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Boston Red Sox 2012 Season Preview: Sox Have A Lot To Prove

One year ago, the Boston Red Sox were entering the 2011 season as World Series favorites, the darlings of experts everywhere. In 2012, the story is different. This year, they will have a lot to prove, and a long list of people to prove wrong.

One year ago, the Boston Red Sox were entering the 2011 season as World Series favorites, the darlings of experts everywhere. In 2012, the story is different. Primarily marked for third place, fourth more often than second, and expected by many to miss the playoffs, they are a team with a lot to prove -- or at the very least a lot of people to prove wrong.

Unfortunately for Sox fans, the last six months have not been the kind that the team needed for them to forget the tragedies of last year. Of primary concern was the rotation, the collapse of which had been the biggest reason for the team's September woes. An offseason of frustration, however, saw the Yankees snag one top target in Hiroki Kuroda, and another in Roy Oswalt choose to take a break from the game rather than joining a team so far from his Midwestern home. In the end, the Sox settled for a cavalcade of low-cost options, hoping they could find gems in the castoffs of other teams, their own minor leaguers, and relievers attempting a conversion.

The attempt to fix the rotation with the likes of Daniel Bard, however, left new holes to be filled in the bullpen, precipitating trades for Mark Melancon and Andrew Bailey. Another opening was left when the Sox sent Marco Scutaro to the Colorado Rockies in what amounted to little more than a salary dump-money that likely was supposed to go to a free agent who never came, and will now be hopefully be reappropriated for use in the trade market. There the Sox looked for an internal solution, designating Mike Aviles as the starting shortstop.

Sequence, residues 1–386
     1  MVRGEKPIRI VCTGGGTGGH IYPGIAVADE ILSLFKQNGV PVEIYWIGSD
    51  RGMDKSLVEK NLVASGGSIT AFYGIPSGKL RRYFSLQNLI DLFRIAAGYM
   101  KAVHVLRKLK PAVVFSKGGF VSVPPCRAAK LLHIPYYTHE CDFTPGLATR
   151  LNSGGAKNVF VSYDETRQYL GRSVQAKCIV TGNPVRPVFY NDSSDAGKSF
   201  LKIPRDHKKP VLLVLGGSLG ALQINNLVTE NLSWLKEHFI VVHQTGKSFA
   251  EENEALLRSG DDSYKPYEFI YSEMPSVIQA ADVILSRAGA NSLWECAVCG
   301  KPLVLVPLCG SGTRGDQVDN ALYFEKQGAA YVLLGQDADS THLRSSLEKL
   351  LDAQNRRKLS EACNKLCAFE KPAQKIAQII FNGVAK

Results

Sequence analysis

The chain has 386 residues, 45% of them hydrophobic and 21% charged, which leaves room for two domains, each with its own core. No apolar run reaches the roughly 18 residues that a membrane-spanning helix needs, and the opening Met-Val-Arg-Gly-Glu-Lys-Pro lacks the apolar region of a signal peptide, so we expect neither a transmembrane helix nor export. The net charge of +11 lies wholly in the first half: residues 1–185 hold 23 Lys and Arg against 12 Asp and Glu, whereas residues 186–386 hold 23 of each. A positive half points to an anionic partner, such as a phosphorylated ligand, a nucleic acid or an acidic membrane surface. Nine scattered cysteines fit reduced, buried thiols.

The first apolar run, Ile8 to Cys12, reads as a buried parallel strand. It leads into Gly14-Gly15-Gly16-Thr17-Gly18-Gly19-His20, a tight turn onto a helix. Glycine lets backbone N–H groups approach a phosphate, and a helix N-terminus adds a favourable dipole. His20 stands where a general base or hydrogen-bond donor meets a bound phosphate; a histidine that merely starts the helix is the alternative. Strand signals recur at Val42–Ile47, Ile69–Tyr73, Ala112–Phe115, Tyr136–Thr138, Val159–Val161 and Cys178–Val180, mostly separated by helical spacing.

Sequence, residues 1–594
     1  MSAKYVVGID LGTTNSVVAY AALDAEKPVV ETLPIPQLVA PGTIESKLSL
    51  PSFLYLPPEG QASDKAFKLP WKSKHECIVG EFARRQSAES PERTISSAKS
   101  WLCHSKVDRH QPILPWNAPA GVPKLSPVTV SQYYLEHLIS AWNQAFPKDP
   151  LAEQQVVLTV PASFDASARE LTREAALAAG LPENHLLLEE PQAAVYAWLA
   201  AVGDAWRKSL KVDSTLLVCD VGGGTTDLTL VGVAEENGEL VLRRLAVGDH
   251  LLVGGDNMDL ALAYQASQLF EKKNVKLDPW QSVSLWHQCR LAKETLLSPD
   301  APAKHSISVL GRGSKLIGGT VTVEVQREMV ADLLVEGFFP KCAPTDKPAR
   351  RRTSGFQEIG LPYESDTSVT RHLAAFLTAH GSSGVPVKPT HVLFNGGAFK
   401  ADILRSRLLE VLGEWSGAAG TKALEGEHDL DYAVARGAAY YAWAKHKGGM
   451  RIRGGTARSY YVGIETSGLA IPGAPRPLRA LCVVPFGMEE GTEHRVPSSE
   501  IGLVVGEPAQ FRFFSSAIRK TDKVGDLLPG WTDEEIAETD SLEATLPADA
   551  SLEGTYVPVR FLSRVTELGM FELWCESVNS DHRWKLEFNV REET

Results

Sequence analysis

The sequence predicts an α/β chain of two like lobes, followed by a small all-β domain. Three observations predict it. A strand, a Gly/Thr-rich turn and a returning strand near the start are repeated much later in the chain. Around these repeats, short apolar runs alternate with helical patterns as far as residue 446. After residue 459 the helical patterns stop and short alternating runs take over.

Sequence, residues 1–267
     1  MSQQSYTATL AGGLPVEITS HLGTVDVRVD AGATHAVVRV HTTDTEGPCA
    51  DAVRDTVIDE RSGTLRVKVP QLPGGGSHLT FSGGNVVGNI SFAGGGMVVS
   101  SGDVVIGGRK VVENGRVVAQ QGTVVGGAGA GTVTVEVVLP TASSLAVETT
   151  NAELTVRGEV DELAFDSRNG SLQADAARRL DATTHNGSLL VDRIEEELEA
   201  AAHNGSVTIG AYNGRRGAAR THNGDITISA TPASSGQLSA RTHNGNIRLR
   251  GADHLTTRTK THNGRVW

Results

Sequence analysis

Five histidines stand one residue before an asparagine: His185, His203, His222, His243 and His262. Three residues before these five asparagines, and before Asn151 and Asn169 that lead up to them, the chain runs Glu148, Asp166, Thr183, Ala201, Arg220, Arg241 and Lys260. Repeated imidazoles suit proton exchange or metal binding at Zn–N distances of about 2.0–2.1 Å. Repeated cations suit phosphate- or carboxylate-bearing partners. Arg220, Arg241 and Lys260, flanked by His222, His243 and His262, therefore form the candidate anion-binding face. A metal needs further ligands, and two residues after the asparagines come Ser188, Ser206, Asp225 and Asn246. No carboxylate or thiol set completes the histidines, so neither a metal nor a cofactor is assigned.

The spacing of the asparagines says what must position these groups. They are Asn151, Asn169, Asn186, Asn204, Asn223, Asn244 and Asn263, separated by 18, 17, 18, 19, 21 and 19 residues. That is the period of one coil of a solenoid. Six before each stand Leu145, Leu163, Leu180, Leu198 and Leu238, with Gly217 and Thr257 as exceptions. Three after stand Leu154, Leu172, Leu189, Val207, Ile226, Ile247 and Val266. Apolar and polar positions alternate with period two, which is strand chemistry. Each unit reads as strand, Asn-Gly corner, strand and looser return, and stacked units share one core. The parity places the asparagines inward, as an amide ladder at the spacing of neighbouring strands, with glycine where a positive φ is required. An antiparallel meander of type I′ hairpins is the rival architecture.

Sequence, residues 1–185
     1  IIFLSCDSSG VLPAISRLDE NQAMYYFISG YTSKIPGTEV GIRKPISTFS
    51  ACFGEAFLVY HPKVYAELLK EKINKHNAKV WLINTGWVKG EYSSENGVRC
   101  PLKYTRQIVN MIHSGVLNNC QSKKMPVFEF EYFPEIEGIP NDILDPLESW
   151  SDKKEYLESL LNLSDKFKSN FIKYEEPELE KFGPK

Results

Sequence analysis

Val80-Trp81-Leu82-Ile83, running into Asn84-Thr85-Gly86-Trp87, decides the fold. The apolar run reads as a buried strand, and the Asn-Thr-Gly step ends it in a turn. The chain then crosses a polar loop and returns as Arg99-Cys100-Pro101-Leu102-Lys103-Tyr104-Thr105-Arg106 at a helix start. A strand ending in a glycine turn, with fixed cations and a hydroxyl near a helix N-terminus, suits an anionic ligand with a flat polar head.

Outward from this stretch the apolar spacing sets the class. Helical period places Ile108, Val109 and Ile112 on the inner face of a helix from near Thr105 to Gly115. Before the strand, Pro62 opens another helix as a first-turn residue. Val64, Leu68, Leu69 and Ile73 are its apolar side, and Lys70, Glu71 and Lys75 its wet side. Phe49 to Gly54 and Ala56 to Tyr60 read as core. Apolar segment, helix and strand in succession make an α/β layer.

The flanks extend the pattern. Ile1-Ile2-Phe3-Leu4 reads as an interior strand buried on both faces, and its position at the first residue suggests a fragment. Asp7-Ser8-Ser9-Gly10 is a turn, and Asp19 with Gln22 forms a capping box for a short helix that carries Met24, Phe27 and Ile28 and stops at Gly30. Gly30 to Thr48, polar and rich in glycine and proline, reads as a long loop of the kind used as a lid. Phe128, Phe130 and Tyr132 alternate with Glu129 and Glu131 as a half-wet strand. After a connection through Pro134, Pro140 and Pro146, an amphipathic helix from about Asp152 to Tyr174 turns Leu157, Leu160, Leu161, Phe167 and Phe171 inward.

While none of this paints the most encouraging picture, a strong spring training should have been enough to allay many of the fans' worst fears. Unfortunately, the preseason was more of a mixed bag than anything else. While Felix Doubront, the other spring training selection for the rotation showed strong results throughout March, Daniel Bard has not reassured fans of his ability to start yet. Where Mike Aviles and free agent acquisition Cody Ross have shown swings tailor-made for Fenway, the bullpen has suffered a significant hit with the loss of Andrew Bailey for half the season to thumb surgery. The upshot of all this: just as many questions as we had in February.

Within the first month, Sox fans should have a much better grasp on their team. The final two spots in the rotation will either be solidified by Daniel Bard and Felix Doubront, or will fall to the likes of Aaron Cook and Vicente Padilla after their failure. Alfredo Aceves and Mark Melancon will either step up to fill the void left by Andrew Bailey, or the Sox will be sent searching for answers in yet another area.

We will learn a great deal about the Sox over the first month, but that is not when the final word will be written. After running a gauntlet of talent in the first few weeks-the Sox have to face the Tigers, Jays, Rays, Rangers, and Yankees before they get to the Twins-there will be chances to recover from a slow start or consolidate a strong one as the Sox take advantage of what may be one of their best attributes: their (eventual) depth. If Bard or Doubront can't get it done, Cook may well be able to, perhaps sending Bard back to play a major role in the bullpen. And then there's the likes of Carl Crawford, Rich Hill, and Ryan Kalish making their returns, or Ryan Lavarnway making the jump back to the majors if it proves necessary. There are, for once, options.

Still, nobody wants a repeat of 0-6, and if the Sox can get off to even a .500 start over the first 15 games, then they'll be in a strong position to contend for one of the three playoff spots available to them. The reality is that this team is very similar to the one that was expected to roll their way to a World Series championship. Hopefully with a chip on their shoulder and a few new bullets in the gun replacing the likes of John Lackey, they can prove their critics wrong.

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